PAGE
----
Morse as a socially constructed type who is entrapped in the way of thinking that defines her. Thus the reader sympathizes with Mrs. Morse, but pities her more than identifying with her.

Hazel Morse is entrapped in social codes of gender and sexuality, and her last name, Morse, suggests codes. Her maiden name is never mentioned, and she is referred to throughout as Mrs.

Morse, despite the fact that her marriage is brief. The two parts of her name suggest a divide in Hazel Morse between roles and codes, which are definite, and experiences and feelings, which are hazy.

The use of slang and colloquial language also creates a form of symbolism. Several slang terms and phrases are repeated throughout the story.

Much of her despair is brought on by the unspoken rules of this game. The fact that the term is casual and playful suggests just how subtle Mrs.

Morse makes this toast three times, each in a situation of despair covered over with the facade of good cheer. In the 19th Amendment to the Constitution passed, giving women the right to vote for the first time.

This legal change for the most part ended the first wave of American feminism, which was based on the long, politically organized struggle for Suffrage.

It ushered in a decade that brought about many more subtle changes in cultural attitudes relating to sex and gender. Having gained the legal landmark of the right to vote, women became less politically oriented and made more changes in the social arena.

Men and women mixed freely socially, and sexual banter and premarital sex became far more tolerated. Women drank, smoked, and drove. They entered the workforce in greater numbers than ever before, with a smaller proportion of these working in traditional domestic jobs.

The s are sometimes considered an era dominated by women, as men returned from World War I bitter and disillusioned, while the image of women was young, flamboyant, energetic, and hopeful.

She had long hair and a voluptuous hourglass figure. She wore floor length skirts and had the demure, wholesome, modest manner appropriate to a wife and mother.

But she also wore make-up, flaunting her feminine artifice. In the s women everywhere started wearing much simpler, scantier underwear and skirts to the knee, a length that would have been considered outrageous or even obscene only a decade earlier.

Along with these changes in fashion came changes in conduct. The looser, simpler clothes allowed women to participate in athletic activities and to be more comfortable and at ease when out in public.

The young American woman of the s was celebrated for her youthful flamboyance, her daring, and her knowing demeanor. These idealized qualities represented a precipitous change in standards of femininity.

This was also a period, however, when the sale of alcohol was legally prohibited nationwide. Prohibition began in after ratification of the 18th Amendment.

Prohibition was controversial and difficult to enforce. Despite the fact that alcohol consumption was reduced nationwide, the permissive social climate of the decade made it easy and fashionable for many to keep on drinking.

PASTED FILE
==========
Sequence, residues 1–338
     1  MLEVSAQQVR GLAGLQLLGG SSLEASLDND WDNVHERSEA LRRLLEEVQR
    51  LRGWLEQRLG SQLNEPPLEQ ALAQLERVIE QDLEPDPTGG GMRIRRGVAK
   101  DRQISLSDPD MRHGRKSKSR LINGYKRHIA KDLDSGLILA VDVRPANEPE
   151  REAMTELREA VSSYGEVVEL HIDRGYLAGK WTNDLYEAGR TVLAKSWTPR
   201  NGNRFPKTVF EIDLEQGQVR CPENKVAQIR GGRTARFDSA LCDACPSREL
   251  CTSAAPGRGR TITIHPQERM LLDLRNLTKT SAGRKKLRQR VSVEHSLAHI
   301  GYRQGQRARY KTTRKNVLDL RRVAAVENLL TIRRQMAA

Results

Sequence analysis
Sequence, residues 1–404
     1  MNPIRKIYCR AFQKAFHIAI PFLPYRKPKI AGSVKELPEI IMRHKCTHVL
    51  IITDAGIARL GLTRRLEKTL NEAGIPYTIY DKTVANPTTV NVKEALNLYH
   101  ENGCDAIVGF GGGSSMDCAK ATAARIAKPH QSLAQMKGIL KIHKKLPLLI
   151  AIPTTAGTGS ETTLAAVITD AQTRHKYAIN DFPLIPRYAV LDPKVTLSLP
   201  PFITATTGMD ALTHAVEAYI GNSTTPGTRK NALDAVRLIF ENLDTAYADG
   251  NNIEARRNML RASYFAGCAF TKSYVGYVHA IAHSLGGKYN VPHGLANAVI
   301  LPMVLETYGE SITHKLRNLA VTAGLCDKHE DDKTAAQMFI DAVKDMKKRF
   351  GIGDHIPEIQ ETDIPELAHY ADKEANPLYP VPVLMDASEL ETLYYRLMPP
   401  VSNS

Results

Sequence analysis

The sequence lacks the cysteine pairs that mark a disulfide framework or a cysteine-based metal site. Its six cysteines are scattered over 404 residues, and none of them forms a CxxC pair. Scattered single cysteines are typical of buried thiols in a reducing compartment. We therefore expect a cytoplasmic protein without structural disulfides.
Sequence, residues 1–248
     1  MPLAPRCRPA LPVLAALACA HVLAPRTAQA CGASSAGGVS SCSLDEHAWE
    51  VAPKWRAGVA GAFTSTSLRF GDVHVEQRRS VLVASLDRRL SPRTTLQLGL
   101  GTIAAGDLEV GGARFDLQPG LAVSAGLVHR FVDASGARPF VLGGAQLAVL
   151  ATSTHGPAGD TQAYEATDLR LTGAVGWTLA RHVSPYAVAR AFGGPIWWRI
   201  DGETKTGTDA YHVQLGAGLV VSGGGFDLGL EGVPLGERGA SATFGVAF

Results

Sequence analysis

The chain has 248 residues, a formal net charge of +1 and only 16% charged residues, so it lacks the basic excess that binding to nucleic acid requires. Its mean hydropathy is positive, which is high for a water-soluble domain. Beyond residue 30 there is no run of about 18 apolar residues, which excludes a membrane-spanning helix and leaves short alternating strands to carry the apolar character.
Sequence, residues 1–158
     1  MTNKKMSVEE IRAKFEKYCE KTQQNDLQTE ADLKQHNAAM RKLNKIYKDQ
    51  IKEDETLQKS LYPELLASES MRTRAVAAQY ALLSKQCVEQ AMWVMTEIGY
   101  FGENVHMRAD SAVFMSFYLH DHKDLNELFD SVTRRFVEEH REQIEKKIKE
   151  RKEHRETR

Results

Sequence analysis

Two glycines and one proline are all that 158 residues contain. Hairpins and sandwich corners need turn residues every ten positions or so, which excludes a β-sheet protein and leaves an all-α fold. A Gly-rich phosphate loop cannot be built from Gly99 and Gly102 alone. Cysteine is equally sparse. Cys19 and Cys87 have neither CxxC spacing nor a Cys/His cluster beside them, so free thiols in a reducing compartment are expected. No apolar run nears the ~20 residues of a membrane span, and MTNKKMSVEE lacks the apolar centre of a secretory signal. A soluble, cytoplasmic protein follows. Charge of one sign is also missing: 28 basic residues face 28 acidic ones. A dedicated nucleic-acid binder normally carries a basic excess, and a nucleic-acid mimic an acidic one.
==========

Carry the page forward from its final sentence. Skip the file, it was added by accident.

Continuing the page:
Bootlegging, or the illegal trade of alcohol, was common all over the country, and speakeasies, where one could buy hard liquor illegally, replaced neighborhood bars and saloons.

Women, who had been a political force behind Prohibition a decade earlier, began to go out and drink alongside their husbands. Because hard alcohol was more profitable, it became much more popular than before, in most cases replacing wine and beer.

Prohibition was not repealed until Parker has been credited with breaking the boundaries that circumscribed earlier generations of women writers in terms of both style and subject matter.

Despite her success as a poet, Parker saw fiction as the true benchmark of literary credibility. Henry competition named it the best short story of Parker strips our society down to its festering bones, rips aside the sheltering curtains of the cruel and respectable.

It is a devastating truth that she has discovered, and a salutary one. Her status as a major writer remains up for grabs.

Madsen Hardy has a doctorate in English literature and is a freelance writer and editor. Her only obligation is to have fun and be fun.

She goes out at night to drink and socialize with various male companions and appears to do very little else. Yet one of Mrs.

In this essay I would like to consider the causes for Mrs. Thinking about Mrs. It became generally acceptable for women to wear much shorter skirts and to socialize much more freely with men.

They drank and smoked, and drove if they pleased. Women enjoyed themselves in new ways and they also earned money in new ways.

Many women joined the workforce for the first time, and it became more acceptable for even a married woman to hold a job.

Women worked in traditional feminine professions like nursing and teaching, in the mills and factories of an increasingly industrialized society, and they also made inroads into the professions such as law and, in the case of Parker, journalism.

Parker was certainly among the most socially adventurous and professionally successful women of her era, and she is remembered as spirited and self-possessed—the quintessential woman of the roaring twenties.